“No, sir,” the Sheriff admitted. “It was late last night when we brought ‘em in, and since as far as I could see it was just a bar brawl, I didn’t feel it necessary.”
“Quite right too.” The Judge’s lips twitched. “I’d hate to know just what some of you had been up to.” His gaze rested on Jayne for a moment, then moved back to Mal. “You seem to know what you’re talking about. How about you tell me what happened?”
“I conjure I can.” Mal hitched his thumbs into his suspenders, feeling the lack of his gun on his hip but resisting the urge to stand to attention. “We were out enjoying ourselves at Matty’s stag party. We’d eaten, then Jason suggested we head to this place. Gideon’s, as I now know. We were just settling in for some good honest drinking time, when one of the Golden Dragon crew decided to upset one of the working girls. Hank, my pilot, tried to stop him, and … well, that’s about it.”
“So who threw the first punch?”
“He did!” one of the other crew shouted, gesturing at Jayne with the hand still wrapped in the bandana. “I'm probably gonna get blood poisoning!”
“Technic’ly it was a dart,” Jayne pointed out. “And it was one of you guys tried to brain me with a chair, which I took some exception to.” He nodded at the man who’d spoken. “’Sides, it was you trying to get away with some trim without paying.”
“Is that right?” the Judge asked the man, who to his credit stood his ground.
“No. She was just a whore. Took money out of my wallet last time, and I didn’t even get satisfaction.”
“That ain't true, Judge,” Terry said from the back of the courtroom. He stood up, walking towards the front and dragging the reluctant girl with him. “Maisie here’ll tell you all about it.”
Judge Jefferson looked at the young woman, not even out of her teens, and smiled at her. “Maisie, is this true? Did you steal from this man?”
Maisie, her dirty blonde hair caught up haphazardly on top of her head, pouted. “I did not. He agreed an amount, then when he couldn’t perform said it was my fault, and walked out without paying.”
“And last night?”
“Said I owed him a free thrust since I’d put him off last time. I told him where he could get off, and what to do once he got there, but he wouldn’t let go of me.” She lifted the sleeve of her dress. “Bruised me up, too.” They could all see the hand-print surrounding her upper arm. “Then this feller came along, tried to stop him.” She smiled at Hank. “Thanks.”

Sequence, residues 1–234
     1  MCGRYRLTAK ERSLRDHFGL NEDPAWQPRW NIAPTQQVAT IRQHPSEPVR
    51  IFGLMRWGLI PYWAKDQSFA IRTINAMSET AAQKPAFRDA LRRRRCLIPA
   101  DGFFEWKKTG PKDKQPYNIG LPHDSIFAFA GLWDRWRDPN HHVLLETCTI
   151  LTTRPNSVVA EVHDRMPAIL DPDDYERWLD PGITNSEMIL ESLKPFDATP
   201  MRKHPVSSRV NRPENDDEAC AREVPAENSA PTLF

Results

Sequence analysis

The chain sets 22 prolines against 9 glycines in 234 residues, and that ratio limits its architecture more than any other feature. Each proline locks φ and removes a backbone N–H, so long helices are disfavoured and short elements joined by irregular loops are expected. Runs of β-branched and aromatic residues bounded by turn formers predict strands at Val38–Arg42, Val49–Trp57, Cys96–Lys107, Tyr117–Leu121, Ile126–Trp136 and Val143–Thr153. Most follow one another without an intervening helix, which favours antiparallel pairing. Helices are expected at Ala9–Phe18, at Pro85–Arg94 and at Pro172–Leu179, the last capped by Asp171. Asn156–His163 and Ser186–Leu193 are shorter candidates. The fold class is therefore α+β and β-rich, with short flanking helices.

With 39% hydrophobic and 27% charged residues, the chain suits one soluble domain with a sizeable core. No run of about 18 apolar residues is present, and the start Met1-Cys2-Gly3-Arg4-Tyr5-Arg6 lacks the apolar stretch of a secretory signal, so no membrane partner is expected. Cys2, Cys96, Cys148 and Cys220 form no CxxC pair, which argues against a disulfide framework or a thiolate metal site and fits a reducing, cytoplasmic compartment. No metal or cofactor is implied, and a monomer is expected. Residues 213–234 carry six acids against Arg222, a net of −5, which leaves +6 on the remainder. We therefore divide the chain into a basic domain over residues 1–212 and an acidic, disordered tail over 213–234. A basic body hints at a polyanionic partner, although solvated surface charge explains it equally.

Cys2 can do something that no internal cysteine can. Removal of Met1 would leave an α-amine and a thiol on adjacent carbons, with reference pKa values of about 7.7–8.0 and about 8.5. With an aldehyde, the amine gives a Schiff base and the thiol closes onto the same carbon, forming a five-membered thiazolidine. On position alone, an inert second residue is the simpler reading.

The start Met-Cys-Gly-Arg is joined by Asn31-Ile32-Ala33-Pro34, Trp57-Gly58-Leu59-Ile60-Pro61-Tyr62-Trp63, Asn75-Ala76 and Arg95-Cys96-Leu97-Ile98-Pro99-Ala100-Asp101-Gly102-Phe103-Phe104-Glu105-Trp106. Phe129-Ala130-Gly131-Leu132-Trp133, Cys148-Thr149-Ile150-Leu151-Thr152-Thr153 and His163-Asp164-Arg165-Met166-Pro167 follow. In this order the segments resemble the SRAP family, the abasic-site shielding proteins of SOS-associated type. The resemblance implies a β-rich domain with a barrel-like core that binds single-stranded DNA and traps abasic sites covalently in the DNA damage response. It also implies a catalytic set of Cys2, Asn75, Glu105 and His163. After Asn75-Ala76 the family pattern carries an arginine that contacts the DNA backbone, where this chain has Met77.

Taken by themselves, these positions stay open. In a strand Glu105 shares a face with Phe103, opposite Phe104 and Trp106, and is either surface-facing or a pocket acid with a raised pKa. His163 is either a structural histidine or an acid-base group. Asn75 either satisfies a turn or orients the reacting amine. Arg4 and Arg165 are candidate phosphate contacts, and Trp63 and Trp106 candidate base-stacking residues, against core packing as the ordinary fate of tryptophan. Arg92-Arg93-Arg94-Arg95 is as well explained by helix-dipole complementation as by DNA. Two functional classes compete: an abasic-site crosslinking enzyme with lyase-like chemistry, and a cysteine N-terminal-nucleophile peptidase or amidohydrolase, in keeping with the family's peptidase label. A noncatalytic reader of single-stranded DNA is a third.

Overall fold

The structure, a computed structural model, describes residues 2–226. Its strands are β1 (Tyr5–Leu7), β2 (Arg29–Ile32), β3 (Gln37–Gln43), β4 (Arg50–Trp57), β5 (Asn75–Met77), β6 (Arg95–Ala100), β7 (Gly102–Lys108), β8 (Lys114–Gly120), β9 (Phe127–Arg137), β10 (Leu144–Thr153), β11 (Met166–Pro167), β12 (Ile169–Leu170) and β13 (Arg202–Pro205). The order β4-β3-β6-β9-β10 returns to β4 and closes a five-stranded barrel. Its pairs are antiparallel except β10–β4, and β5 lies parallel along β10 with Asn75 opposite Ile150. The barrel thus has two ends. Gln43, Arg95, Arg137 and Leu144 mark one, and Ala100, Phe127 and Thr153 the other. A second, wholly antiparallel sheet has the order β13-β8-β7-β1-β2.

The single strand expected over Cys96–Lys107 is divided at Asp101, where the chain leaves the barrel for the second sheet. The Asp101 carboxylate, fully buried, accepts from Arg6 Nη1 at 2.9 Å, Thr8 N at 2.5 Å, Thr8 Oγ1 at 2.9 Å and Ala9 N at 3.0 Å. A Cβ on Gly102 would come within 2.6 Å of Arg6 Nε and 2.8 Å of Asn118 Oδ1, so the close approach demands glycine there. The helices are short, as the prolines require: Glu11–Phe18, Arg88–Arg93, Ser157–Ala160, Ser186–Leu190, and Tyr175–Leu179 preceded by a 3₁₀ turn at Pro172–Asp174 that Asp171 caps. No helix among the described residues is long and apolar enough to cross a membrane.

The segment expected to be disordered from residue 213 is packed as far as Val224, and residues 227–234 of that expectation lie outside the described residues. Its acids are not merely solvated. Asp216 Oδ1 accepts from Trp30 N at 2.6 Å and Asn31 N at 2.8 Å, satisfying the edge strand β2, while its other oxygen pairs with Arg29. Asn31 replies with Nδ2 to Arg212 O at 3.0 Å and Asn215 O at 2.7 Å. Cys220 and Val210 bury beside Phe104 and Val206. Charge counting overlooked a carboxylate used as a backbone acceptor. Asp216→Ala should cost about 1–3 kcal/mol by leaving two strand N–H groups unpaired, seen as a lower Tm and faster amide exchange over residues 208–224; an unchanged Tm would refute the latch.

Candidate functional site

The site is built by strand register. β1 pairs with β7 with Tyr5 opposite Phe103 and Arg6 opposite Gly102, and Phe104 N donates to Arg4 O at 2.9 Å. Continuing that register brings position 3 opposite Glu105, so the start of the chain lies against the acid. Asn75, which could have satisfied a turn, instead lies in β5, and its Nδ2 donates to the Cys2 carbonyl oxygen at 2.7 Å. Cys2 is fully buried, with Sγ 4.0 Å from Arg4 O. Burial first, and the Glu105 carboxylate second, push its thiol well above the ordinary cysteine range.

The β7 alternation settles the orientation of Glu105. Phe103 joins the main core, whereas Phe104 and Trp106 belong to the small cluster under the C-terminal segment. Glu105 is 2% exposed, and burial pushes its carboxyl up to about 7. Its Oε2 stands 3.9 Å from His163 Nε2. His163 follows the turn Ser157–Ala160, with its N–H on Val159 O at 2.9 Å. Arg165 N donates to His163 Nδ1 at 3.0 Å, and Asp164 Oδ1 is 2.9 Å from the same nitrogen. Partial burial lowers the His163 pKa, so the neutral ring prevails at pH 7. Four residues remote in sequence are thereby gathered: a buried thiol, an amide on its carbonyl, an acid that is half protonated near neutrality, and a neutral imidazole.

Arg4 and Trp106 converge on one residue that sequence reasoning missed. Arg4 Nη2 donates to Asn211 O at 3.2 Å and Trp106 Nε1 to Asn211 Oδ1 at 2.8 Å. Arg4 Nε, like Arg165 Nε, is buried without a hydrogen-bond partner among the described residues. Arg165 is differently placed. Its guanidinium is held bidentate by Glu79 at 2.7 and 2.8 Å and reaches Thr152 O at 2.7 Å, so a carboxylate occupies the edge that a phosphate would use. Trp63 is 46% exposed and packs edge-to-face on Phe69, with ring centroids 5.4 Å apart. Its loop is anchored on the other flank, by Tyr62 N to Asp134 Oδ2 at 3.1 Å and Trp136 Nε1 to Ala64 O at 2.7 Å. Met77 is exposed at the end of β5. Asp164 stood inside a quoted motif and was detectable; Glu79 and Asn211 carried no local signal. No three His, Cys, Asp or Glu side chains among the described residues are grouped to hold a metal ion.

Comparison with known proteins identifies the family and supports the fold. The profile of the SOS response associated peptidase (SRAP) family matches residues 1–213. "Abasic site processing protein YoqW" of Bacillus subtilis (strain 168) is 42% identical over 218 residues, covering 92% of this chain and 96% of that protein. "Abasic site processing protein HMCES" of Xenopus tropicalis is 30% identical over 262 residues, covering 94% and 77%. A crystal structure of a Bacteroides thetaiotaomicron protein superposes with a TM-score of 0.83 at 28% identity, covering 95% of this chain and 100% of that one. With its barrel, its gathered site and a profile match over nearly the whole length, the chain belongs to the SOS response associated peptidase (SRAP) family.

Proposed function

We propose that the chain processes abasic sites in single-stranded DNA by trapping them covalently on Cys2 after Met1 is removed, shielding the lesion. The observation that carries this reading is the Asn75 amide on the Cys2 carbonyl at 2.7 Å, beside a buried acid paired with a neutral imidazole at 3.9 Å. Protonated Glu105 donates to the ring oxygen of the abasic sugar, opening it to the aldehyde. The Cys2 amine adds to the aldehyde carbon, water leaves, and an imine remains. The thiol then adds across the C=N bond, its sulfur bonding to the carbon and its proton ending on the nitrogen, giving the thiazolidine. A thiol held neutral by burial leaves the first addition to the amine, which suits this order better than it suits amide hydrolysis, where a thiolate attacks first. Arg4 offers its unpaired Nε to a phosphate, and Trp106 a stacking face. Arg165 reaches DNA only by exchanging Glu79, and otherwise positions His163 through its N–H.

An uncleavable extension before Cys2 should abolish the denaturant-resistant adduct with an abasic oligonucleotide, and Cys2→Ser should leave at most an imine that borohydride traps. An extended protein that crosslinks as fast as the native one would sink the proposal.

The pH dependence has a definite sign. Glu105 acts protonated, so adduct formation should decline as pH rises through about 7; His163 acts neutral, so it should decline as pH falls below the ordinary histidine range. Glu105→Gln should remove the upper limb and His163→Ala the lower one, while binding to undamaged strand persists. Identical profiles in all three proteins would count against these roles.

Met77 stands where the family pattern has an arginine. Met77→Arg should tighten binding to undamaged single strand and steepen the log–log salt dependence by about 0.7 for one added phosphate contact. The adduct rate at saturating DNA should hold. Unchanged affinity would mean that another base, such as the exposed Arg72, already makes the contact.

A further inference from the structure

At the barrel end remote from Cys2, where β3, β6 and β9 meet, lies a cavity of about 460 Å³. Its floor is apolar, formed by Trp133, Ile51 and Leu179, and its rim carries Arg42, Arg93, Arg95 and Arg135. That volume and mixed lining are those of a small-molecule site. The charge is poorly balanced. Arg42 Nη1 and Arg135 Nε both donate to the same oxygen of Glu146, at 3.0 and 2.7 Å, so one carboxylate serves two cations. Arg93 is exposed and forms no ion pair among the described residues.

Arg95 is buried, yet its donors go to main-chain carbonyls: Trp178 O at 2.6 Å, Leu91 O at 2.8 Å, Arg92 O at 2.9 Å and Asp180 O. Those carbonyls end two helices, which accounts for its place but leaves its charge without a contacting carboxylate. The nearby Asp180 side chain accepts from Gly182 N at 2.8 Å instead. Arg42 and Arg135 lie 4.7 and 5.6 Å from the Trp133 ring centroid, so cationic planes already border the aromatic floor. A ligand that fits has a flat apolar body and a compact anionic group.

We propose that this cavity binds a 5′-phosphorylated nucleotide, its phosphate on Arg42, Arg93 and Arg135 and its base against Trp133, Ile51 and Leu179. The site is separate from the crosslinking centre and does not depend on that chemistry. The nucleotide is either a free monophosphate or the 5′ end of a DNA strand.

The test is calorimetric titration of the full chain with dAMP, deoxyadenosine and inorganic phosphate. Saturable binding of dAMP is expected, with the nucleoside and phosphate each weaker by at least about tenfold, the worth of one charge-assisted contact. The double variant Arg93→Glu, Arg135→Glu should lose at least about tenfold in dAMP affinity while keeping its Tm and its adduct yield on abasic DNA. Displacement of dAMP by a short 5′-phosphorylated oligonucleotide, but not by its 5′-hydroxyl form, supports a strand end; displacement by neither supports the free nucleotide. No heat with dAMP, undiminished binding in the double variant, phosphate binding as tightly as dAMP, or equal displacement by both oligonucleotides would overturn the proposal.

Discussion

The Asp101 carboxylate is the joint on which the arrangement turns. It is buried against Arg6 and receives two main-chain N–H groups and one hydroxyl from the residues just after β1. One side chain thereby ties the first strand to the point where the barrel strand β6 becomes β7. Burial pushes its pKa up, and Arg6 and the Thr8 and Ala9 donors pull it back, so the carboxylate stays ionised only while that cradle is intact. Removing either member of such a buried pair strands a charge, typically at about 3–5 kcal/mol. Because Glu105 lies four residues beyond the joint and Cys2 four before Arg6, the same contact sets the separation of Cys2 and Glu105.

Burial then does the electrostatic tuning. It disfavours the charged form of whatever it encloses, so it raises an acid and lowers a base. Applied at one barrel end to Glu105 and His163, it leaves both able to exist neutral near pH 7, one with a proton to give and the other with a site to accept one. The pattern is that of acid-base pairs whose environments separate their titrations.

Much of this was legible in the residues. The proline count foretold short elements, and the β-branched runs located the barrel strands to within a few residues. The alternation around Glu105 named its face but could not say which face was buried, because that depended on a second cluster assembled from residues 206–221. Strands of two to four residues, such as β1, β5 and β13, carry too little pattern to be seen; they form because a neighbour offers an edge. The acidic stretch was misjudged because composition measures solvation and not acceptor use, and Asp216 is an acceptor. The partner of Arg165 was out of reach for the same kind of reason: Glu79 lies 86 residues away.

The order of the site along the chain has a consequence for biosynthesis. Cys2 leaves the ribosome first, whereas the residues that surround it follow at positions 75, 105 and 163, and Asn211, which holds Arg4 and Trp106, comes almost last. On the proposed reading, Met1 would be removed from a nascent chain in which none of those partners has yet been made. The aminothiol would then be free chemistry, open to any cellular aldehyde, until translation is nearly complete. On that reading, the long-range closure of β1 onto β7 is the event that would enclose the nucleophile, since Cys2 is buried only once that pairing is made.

“Hey, no problem,” the pilot said, grinning back. “Just your ordinary knight in shining armour, coming to a lady’s aid.”
There was a snort that could have been suppressed laughter from Zoe, but no-one thought it wise to find out.
“And that’s when the fight started?” The Judge tried to keep things on track.
“That it did. But I can tell you it was these boys that started it,” Maisie insisted, pointing to the Golden Dragon crew.
Judge Jefferson nodded. “Thank you, Maisie. You can go now. And tell your Ma I got some washing coming her way, so there’s no need for you to go out to work for a few days, okay?”
Maisie smiled gratefully. “I surely will.” She turned and almost ran out of the courtroom.
“You ain’t gonna believe her, are you?” the injured man asked, cradling his hand again. “She’s just a whore!”
“I've known Maisie all her life,” Jefferson said, his voice low and brooking no objection. “Her Pa died when she was twelve, and she’s been the only breadwinner for the whole big gorram family since her Ma got sick coupla years later. We help out where we can, but sometimes folk do what they have to, just to survive.” He breathed deeply, then looked along the line of men again. “Seems to me there’s a clear culprit in this matter, being the crew from the Golden Dragon. But the rest of you fought too, and that has to be taken into account.” He tapped his fingers on the desk, then went on, “To this end, I’m fining the former to the tune of two thousand platinum.”
“What?” Chester Lau was outraged, and his face took on an interesting purplish hue. “For a common bar brawl?”